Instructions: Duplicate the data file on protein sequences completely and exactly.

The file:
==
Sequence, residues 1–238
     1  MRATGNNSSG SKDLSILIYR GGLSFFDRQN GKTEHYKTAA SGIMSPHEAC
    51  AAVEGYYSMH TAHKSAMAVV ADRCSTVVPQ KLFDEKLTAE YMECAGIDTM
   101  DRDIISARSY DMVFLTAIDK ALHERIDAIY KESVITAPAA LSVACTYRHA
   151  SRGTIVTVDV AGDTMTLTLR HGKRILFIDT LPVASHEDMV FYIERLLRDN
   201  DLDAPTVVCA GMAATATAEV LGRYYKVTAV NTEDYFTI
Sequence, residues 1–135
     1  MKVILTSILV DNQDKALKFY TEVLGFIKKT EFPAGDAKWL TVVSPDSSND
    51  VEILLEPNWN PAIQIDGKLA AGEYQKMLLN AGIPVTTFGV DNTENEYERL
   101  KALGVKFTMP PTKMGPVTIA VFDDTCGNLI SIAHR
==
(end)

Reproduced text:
Sequence, residues 1–238
     1  MRATGNNSSG SKDLSILIYR GGLSFFDRQN GKTEHYKTAA SGIMSPHEAC
    51  AAVEGYYSMH TAHKSAMAVV ADRCSTVVPQ KLFDEKLTAE YMECAGIDTM
   101  DRDIISARSY DMVFLTAIDK ALHERIDAIY KESVITAPAA LSVACTYRHA
   151  SRGTIVTVDV AGDTMTLTLR HGKRILFIDT LPVASHEDMV FYIERLLRDN
   201  DLDAPTVVCA GMAATATAEV LGRYYKVTAV NTEDYFTI
Sequence, residues 1–135
     1  MKVILTSILV DNQDKALKFY TEVLGFIKKT EFPAGDAKWL TVVSPDSSND
    51  VEILLEPNWN PAIQIDGKLA AGEYQKMLLN AGIPVTTFGV DNTENEYERL
   101  KALGVKFTMP PTKMGPVTIA VFDDTCGNLI SIAHR